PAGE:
High angular resolution visible light positioning using a quadrant photodiode angular diversity aperture receiver (QADA)

Research output: Contribution to journalArticleResearchpeer-review

8 Citations (Scopus)

Abstract

The increasing use of white LEDs for indoor illumination provides a significant opportunity for Visible Light Positioning (VLP). The challenge is to design a small, unobtrusive sensor that can be incorporated into mobile devices to provide accurate measurements for triangulation. We present experimental results for a novel angle of arrival (AOA) detector that has been designed for use in a VLP system. The detector is composed of a transparent aperture in an opaque screen that is located above a quadrant photodiode (PD), separated by a known vertical distance. Light passing through the aperture from an LED casts a light spot onto the quadrant PD. The position of this spot, coupled with knowledge of the height of the aperture above the quadrant PD, provides sufficient information to determine both the incident and polar angles of the light. Experiments, using a prototype detector, show that detector is capable of accurate estimation of AOA. The root mean square errors (rMSE) were less than 0.11° for all the measured positions on the test bed, with 90% of positions having an rMSE of less than 0.07°.

Original languageEnglish
Pages (from-to)9230-9242
Number of pages13
JournalOptics Express
Volume26
Issue number7
DOIs
Publication statusPublished - 2 Apr 2018

Cite this

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title = "High angular resolution visible light positioning using a quadrant photodiode angular diversity aperture receiver (QADA)",
abstract = "The increasing use of white LEDs for indoor illumination provides a significant opportunity for Visible Light Positioning (VLP). The challenge is to design a small, unobtrusive sensor that can be incorporated into mobile devices to provide accurate measurements for triangulation. We present experimental results for a novel angle of arrival (AOA) detector that has been designed for use in a VLP system. The detector is composed of a transparent aperture in an opaque screen that is located above a quadrant photodiode (PD), separated by a known vertical distance. Light passing through the aperture from an LED casts a light spot onto the quadrant PD. The position of this spot, coupled with knowledge of the height of the aperture above the quadrant PD, provides sufficient information to determine both the incident and polar angles of the light. Experiments, using a prototype detector, show that detector is capable of accurate estimation of AOA. The root mean square errors (rMSE) were less than 0.11° for all the measured positions on the test bed, with 90{\%} of positions having an rMSE of less than 0.07°.",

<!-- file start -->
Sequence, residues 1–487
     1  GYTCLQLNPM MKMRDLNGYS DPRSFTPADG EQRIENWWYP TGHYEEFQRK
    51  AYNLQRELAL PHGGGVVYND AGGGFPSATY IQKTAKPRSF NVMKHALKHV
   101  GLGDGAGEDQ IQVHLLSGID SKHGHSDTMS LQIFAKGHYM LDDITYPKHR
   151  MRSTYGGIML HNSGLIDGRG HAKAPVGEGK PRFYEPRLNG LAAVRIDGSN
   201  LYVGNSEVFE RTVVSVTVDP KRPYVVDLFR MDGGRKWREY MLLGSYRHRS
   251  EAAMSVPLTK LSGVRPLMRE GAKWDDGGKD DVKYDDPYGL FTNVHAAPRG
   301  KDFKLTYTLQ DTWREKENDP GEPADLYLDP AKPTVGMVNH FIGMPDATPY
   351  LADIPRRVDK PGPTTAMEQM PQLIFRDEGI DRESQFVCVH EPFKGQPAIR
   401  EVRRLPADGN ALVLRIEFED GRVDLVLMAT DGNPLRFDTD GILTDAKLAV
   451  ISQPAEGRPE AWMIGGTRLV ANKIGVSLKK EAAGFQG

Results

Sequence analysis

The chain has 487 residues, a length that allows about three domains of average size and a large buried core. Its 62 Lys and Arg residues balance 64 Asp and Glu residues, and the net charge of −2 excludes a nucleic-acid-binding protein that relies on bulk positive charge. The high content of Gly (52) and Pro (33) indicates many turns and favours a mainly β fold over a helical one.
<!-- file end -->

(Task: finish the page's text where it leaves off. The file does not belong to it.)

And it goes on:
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High angular resolution visible light positioning using a quadrant photodiode angular diversity aperture receiver (QADA). / Cincotta, Stefanie; He, Cuiwei; Neild, Adrian; Armstrong, Jean.

In: Optics Express, Vol. 26, No. 7, 02.04.2018, p. 9230-9242.

Research output: Contribution to journalArticleResearchpeer-review

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AU - Armstrong, Jean

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AB - The increasing use of white LEDs for indoor illumination provides a significant opportunity for Visible Light Positioning (VLP). The challenge is to design a small, unobtrusive sensor that can be incorporated into mobile devices to provide accurate measurements for triangulation. We present experimental results for a novel angle of arrival (AOA) detector that has been designed for use in a VLP system. The detector is composed of a transparent aperture in an opaque screen that is located above a quadrant photodiode (PD), separated by a known vertical distance. Light passing through the aperture from an LED casts a light spot onto the quadrant PD. The position of this spot, coupled with knowledge of the height of the aperture above the quadrant PD, provides sufficient information to determine both the incident and polar angles of the light. Experiments, using a prototype detector, show that detector is capable of accurate estimation of AOA. The root mean square errors (rMSE) were less than 0.11° for all the measured positions on the test bed, with 90% of positions having an rMSE of less than 0.07°.

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